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Life & Philosophy Productivity & Work

Take Time To Make Time

I keep Evernote sheets for my daily work and personal tasks. Some people update their to-do’s daily, but I update them throughout the day since tasks accumulate and priorities shift. I only remember things I take the time to write down.

Naturally, with perpetually updated lists there’s always something to do! But every once in a while though I’ll ignore my to-do lists entirely. This typically happens in peak busy periods when everything appears to be a priority, and I’m just reacting instead of planning.  I also ignore my lists when I’m simply burnt out.  Those are the moments I just archive all my records and start from scratch.

“We like lists because we don’t want to die.” Umberto Eco

List making is a means for survival.  They fuel productivity which validates our existence.  But lists are only as important as the purpose they serve:  to get to work.

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Idle Movement

I sat next to this old man yesterday. He just sat there on the train and did absolutely nothing for an hour. He didn’t sleep, read, or squirm; he just breathed and blinked about fifty times. It was beautiful, honestly.

In an age of the Smartphone and constant distraction or “productivity,” I find it absolutely remarkable that someone can just sit that still.

The first thing I did (phone in hand, naturally) is write down the observation in Evernote so I could come back to it later. But I wonder if he was thinking the same thing about me in his mind, observing this young guy typing ferociously onto a small screen. Was he going to remember that moment like I’m remembering it? I recorded it after all, otherwise it’s just be another observation in the dust.

But I was still so jealous of his anti-digital stoicism.

People say nothing is impossible, but I do nothing every day.

A.A. Milne

Maybe I don’t have to remember everything. Maybe I don’t need to meditate just to regain my focus and disconnect like it’s the early 1990s. Maybe the next train ride I’ll just sit there and ride into Grand Central hands-free.

Stop, I’m dreaming…

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Shoulda coulda woulda

MTV could’ve been Youtube.

Moleskine could’ve been Evernote or Paper FiftyThree.

iMessages could’ve have been Snapchat if Apple had just built a social network around it.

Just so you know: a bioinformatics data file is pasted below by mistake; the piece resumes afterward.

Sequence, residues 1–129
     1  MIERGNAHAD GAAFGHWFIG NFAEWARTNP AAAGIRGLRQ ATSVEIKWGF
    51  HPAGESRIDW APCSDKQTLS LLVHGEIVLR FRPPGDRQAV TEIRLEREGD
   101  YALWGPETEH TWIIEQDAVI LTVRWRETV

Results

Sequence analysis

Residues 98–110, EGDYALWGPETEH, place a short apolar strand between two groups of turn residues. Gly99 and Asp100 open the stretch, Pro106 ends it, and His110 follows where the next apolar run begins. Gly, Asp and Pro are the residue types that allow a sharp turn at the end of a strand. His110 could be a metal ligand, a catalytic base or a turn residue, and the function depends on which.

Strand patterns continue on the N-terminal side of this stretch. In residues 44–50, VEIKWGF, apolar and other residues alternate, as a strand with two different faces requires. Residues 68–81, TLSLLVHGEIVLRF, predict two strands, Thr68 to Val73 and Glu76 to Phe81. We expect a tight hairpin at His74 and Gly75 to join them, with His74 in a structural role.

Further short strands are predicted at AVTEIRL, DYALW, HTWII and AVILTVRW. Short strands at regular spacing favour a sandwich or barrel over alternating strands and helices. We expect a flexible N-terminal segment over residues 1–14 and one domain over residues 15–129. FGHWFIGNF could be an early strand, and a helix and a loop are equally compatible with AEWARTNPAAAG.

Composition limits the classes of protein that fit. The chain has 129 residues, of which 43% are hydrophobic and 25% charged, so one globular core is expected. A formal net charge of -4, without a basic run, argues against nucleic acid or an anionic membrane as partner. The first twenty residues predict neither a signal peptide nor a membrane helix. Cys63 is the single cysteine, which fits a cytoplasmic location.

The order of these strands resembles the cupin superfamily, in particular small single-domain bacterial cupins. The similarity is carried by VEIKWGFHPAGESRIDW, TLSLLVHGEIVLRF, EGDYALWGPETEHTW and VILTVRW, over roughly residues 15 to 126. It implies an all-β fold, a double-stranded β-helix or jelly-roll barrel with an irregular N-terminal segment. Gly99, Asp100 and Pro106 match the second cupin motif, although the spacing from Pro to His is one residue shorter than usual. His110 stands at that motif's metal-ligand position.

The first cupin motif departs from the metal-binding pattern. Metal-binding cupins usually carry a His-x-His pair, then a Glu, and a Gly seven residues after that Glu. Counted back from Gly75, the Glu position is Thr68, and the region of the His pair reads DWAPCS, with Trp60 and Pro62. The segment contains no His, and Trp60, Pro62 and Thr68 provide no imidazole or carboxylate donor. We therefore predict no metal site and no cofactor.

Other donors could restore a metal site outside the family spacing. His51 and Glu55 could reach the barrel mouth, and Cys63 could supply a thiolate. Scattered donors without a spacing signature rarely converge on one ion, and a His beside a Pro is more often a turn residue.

But it turns out that taking an existing business model online is easier said than done. Only a few people like Ev Williams have mastered the art of digitizing human needs.

When you’re so focused on incrementalism in the present, you become blind to innovation for the future.

Opportunities are there awaiting initiative. The longer you wait the less likely you’re to do it. That goes for companies and for individuals. Replace the arrogance of coulda with done.

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Evernote Market

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The Catch

The Internet unleashed an explosion of creativity, DIY, and interconnectedness.

Below is a list of some things you can do today without too much effort.

  • Remembering life’s key moments (Day One)
  • Taking a photo a day (Camera+)
  • Connecting with like-minded people (Twitter, Tumblr)
  • Customizing your news (Flipboard)
  • Monitoring your health (Fitbit)
  • Getting rewards for customer loyalty (Starbucks)
  • Publishing a book, a record, or other pice of art (Amazon Author)
  • Dumping and storing ideas (Evernote)

There’s an app for doing everything, all the time. Data is exploding but attention and productivity are imploding. We’re moving fast without going back and reviewing what we’ve actually done.

We need to make sense of what we produce, revisit and connect the dots. The devil is in the details.

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Dear Diary…

Diaries are no longer private. Tumblr, Twitter, and Facebook posts have trained people into sharing thoughts, opinions, and personal images publicly.

People keep their diaries online.

It took a few years for people to get comfortable with digital sharing. Facebook became popular because it walled your content from the rest of the world. But then Twitter came along and trained everyone to become a mini-celebrity. All of a sudden people had a voice, a microphone, in less than 140 characters.

Now people can’t stop sharing. They want people to like, comment, share, retweet, favorite, repin, heart, and reblog their content. They share more when no one responds and they’re incentivized to share more when they do get a response.

The smartphone and Internect connectivity make capturing content just as easy as sharing it. You can snap a photo and publish it in three clicks/touches. You can just as easily keep this information private.

The challenge today is in knowing what information to keep to yourself. It could be an idea, a quick brain fart, or a to do list on Evernote or Day One. In a way, the practice of social sharing has increased the likeliness of private sharing.

Sharing is a mixture of self-promotion and selflessness. It publicizes your work and it helps inform others. Sharing with yourself, on the other hand, is more likely the act of discovering yourself.

“The benefit of keeping a diary is that it helps me figure out what the hell I’m doing with my time on earth.” – John Sundman, writer